Not knowing what to expect I packed a cooler with a six-pack.   I know what some of you are thinking, but it was light beer— I didn’t want to give the wrong impression on the first day.  Image my surprise when there were two other dads were in class—they passed on the cold one I offered them.

Hey Dad, they have the coolest toys here.
Hey Dad, they have the coolest toys here.

You Will Channel Your Parents – Like every parent, I thought, I’d be more laid-back than my parents were—that theory went flying out the window midway through the first class.   Cristian playing with orange play doh right after munching on orange goldfish during snack time had me channeling my Dad big time.  I could imagine the smile on his face as I pried the baby’s mouth open five or six times making sure the only thing he was chomping on were goldfish.

New Routines and Kiddie Songs – Mommy and Me class gave Cristian a chance to model other children’s behavior—he learned sitting still (or as still as twenty-month old could manage) sharing and pretend play with the other kids.  Sure I left class with three or four new kiddie songs stuck in my head for a few days but it was a small price to pay.

Someone Needs a Nap, the Baby Could Use One Too – Cristian loved the class although it usually ran into his nap time.  I could relate, chasing him around class, keeping paint or shaving cream off both of us and making sure he didn’t gobble up another kid’s snack who would have thought he loved veggie straws, was exhausting (See the section on Channeling Your Parents).  Many times we both needed a nap when we got home from class.

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The Life of a Stay at Home Dad

Cristian with some old guy.
Cristian with some old guy.

Before becoming a Stay at Home Dad, I had no idea of what to expect.  It was so bad I did a Google search to find out what SAHD meant.  Working without a road map the first months were a bumpy ride but its gotten smoother along the way.  Taking care of Cristian is the toughest job I’ve had, multitasking and improvising are only two of the skills needed for the job.

Since little information exists regarding Stay at Home Dads I decided to share a few details on the glamourous lives we lead.

Taking care of him was easier before he started walking
Taking care of him was easier before he started walking

Start Me Up – I’m up at 6:30 every morning.  Jumping or staggering out of bed depends on how the baby slept.  He’s usually up once a night.  He rolls over and goes back to sleep after snatching the bottle from my hand—on a good night.  Teething and ear infections have a way of throwing things out of whack.  I start my day with a cup of coffee and some quiet time with Esther as we straighten up the baby’s toys.  How Cristian slept the night before determines how strong I brew the coffee.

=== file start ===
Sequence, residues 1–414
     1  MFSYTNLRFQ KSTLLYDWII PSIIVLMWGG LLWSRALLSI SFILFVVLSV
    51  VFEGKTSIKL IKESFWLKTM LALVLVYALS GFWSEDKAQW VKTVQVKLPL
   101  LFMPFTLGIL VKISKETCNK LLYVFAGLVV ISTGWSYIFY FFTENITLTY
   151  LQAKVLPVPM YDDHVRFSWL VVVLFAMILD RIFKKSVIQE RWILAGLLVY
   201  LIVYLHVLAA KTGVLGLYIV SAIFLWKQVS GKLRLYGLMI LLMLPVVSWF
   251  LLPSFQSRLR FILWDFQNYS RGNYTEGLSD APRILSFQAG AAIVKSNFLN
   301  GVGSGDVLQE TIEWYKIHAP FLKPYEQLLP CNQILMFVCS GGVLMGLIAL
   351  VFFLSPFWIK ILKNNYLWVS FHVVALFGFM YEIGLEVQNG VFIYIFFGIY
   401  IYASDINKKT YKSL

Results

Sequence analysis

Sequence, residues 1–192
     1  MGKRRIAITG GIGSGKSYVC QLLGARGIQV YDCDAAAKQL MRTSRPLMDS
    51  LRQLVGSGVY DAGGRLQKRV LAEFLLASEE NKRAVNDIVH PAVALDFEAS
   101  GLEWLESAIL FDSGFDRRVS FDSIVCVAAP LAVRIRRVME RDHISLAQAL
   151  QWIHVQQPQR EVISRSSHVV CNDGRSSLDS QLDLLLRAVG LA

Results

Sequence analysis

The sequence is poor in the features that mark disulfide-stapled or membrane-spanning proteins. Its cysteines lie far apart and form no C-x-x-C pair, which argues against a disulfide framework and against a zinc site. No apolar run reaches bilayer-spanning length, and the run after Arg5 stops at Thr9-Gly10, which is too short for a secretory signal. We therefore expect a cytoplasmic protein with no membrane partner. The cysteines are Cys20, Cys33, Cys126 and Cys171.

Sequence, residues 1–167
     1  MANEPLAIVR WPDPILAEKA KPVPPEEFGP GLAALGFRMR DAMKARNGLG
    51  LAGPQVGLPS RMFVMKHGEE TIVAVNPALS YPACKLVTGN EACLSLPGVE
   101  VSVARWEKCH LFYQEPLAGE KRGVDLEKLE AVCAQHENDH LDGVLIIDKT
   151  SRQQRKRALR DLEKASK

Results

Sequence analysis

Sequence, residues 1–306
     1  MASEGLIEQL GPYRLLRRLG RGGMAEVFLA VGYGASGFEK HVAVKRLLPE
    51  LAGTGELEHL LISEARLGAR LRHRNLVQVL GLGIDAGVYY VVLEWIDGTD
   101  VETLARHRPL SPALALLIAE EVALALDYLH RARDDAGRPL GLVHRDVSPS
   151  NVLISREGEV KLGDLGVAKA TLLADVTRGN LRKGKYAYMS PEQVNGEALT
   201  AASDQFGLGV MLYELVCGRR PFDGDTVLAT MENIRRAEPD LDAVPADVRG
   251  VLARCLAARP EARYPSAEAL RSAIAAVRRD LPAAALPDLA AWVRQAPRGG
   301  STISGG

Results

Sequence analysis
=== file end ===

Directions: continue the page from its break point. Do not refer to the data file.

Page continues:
All the tools needed for starting the day off right
All the tools needed for starting the day off right

Daddy’s Wardrobe – This varies from dad to dad but it’s not business casual.  Most parenting books don’t offer wardrobe suggestions.  Since a lot of my day is spent chasing him around the house, the playground, and keeping him out of the bathroom, he loves bathrooms, I wear the same gear I wear on training runs, a tech t-shirt and sweats.   They’re light-weight, comfortable and washes easier than a cashmere sweater, because you will be drooled, spilled and pooped on.

No more CNN Daddy, I want to watch Sesame Street.
No more CNN Daddy, I want to watch Sesame Street.

Is TV the Babysitter? – Everyone thinks Stay at Home Dads binge watch Netflix while the baby plays.  In addition to being a Stay at Home Dad, I’m also a Work from Home Dad.  Working as a consultant and freelance writing gigs keep me busy while Cristian watches Sesame Street or Baby Genius.  That doesn’t mean he spends all day in front of the TV.   I read to him, we play in the park, and he comes along on my daily errands. That said Cristian’s watched more CNN than the average toddler—we both agree HD isn’t doing Donald Trump or Hillary Clinton any favors.

Sleep When They Sleep – I mentioned this before but it bears repeating.  I’m convinced anyone offering this advice never took care of a baby. Maybe they had a nanny or they’ve forgotten how demanding babies are.  A baby’s nap time is like hitting Lotto.  Here’s your chance to do a load of laundry, take a quick shower, or catch up on whatever you’ve fallen behind on.  Use the time wisely.  I’ve written and published blog posts during Cristian’s naps.

Everyone’s An Expert – Stay at Home Dads are still considered an oddity—much like caged animals at the zoo.  On any given day, I’ll hear comments and receive unsolicited advice on all things baby.  Everything from it looks mommy dressed him today, to how cute you’re babysitting, to he looks hungry.  Okay that last one was from Grandma who thinks everyone looks hungry but you get my point.

Multi-Tasking Required – Most job descriptions these days require strong time-management skills and the ability to multitask, they’re also prerequisites for any SAHD.  One any given day I’m chauffeuring Cristian to playdates, My Gym classes, or the park for an hour, while maintaining a full work-load and finding time to write. Am I babysitting or parenting—maybe a little of both depending on the day.